The number of people seeking counseling from certain crisis services and hotlines surged to two to three times the usual rate following the results of the 2016 election, mental health professionals say, as Americans face unknowns about the next administration.
During a divisive election cycle full of vitriol and rhetoric that minorities, women, and members of the LGBTQ community found not only offensive but also potentially dangerous, many felt betrayed by voters who chose Donald Trump, who has been accused of assaulting women and has planned to bar, or severely limit, the entrance of Muslim and Hispanic immigrants.
Following Mr. Trump’s victory, services like the National Suicide Prevention Hotline, the Crisis Text Line, and the Trevor Project, which focuses on helping LGBTQ youth, fielded hundreds or thousands of inquiries from Americans who feared they might lose health care and civil rights under a Trump administration, or face additional harassment from a sect of his increasingly vocal and radical supporters.
While professionals are linking the increased calls to the election, they also note that the anxieties callers are expressing draw from past experiences and issues.
"I can't say I've seen anything like this. ... And it's certainly not something I've ever seen in an election," John Draper, a mental health professional who works with the National Suicide Prevention Hotline, told CNN. "They call and say it's the election. But by the end of the call, it's about their lives, and that's when we can help them."
For some, it’s not surprising that the election has triggered such strong fears and brought them to the surface. According to the American Psychological Association, 52 percent of adults expressed feeling stress related to the campaign. Experts recommended that those experiencing such feelings limit their engagement with social media and the barraging nature of the 24-hour new cycle, instead reading or watching just enough news to remain informed on the issues.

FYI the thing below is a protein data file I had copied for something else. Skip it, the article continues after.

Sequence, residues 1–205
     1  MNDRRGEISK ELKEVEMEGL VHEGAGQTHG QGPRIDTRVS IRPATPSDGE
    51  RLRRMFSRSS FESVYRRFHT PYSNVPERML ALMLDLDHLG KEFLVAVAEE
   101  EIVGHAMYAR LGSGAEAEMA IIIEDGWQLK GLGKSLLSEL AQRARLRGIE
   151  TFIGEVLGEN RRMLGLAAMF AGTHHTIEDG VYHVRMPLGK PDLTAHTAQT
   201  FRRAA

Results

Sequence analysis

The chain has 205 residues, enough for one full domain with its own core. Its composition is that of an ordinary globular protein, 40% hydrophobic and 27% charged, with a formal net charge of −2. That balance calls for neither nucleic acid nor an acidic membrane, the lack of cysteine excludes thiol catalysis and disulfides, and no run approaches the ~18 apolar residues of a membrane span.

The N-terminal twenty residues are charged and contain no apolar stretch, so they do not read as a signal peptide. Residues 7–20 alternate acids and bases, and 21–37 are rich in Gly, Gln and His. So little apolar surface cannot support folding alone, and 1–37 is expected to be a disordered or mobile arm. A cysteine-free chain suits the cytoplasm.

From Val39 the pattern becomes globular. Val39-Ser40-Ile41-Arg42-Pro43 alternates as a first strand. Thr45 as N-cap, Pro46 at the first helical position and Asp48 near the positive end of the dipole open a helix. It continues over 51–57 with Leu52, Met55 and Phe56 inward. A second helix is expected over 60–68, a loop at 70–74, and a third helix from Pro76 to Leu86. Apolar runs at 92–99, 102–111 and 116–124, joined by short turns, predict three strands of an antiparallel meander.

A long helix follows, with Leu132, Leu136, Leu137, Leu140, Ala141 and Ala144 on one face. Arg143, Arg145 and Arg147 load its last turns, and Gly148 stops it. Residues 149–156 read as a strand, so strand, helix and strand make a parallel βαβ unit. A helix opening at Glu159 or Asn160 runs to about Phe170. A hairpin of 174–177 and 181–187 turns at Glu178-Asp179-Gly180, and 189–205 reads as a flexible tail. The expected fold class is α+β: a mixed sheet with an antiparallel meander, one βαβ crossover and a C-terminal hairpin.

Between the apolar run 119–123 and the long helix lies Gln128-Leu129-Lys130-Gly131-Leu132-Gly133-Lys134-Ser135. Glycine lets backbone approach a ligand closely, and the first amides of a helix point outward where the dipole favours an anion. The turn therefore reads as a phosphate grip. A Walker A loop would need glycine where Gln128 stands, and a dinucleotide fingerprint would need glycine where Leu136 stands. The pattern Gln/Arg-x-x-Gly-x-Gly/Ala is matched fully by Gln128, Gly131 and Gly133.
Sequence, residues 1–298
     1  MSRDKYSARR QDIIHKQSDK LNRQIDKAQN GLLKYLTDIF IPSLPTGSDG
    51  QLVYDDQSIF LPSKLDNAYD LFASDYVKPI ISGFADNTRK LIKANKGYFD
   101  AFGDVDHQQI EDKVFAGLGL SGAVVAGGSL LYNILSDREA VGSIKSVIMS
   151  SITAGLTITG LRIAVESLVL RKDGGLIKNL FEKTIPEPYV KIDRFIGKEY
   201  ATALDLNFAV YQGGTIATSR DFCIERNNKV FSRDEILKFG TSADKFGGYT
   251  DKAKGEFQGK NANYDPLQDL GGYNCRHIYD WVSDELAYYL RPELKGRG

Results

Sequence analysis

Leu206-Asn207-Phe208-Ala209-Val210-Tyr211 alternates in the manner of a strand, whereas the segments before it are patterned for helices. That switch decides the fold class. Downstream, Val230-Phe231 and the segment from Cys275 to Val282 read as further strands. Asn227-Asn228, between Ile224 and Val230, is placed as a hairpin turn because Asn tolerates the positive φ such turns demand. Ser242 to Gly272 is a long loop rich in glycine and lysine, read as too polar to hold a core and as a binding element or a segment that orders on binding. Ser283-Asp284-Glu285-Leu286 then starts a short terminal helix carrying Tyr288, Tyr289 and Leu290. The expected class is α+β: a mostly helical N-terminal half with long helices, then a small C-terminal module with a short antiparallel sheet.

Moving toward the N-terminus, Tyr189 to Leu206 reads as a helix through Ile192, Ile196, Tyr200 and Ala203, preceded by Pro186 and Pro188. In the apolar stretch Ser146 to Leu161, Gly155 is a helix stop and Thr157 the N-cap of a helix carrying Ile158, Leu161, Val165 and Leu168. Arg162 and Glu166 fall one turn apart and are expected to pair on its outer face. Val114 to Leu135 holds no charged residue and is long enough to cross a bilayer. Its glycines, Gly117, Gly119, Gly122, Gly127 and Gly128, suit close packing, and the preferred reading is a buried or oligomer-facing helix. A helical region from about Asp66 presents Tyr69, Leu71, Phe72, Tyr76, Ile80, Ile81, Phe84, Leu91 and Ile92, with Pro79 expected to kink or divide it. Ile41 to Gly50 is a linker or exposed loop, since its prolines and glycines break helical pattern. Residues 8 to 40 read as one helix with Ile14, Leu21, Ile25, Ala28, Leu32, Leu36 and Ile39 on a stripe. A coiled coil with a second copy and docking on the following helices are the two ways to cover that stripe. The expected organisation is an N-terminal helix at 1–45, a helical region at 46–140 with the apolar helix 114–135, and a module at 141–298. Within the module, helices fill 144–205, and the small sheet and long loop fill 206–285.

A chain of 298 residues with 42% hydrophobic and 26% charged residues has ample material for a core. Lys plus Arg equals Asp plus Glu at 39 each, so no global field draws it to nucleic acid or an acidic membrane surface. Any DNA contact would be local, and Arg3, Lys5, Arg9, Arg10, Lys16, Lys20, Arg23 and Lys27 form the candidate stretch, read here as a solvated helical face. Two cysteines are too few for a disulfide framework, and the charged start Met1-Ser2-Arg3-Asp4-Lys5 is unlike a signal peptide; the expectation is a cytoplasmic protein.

But those experiencing post-election anxieties are largely citizens from vulnerable groups, including many individuals with some history of mental health issues. Counselors recommend that those who know someone experiencing suicidal thoughts support them and direct them to a professional service that can offer understanding and support.
Others have turned to social media to offer their support and information about resources for recovering addicts and those who feel depressed, anxious, or suicidal. While some views espoused on Twitter and Facebook can further alienate those users and reignite their fears, the sites have also played a role in providing comfort and building communities.
"Seen some lovely tweets from sober brothers/sisters about not drinking/using right now," actor Rob Delaney tweeted early Wednesday morning. "I'm sober & I won't drink today. Don't you either."
Dr. Draper also recommended that those who currently feel hopeless find ways to show compassion to others by joining a volunteer organization or supporting a cause that promotes issues they care about.
"Bind that anxiety through action," he told CNN. "Creating a more kind, personal atmosphere is really needed right now."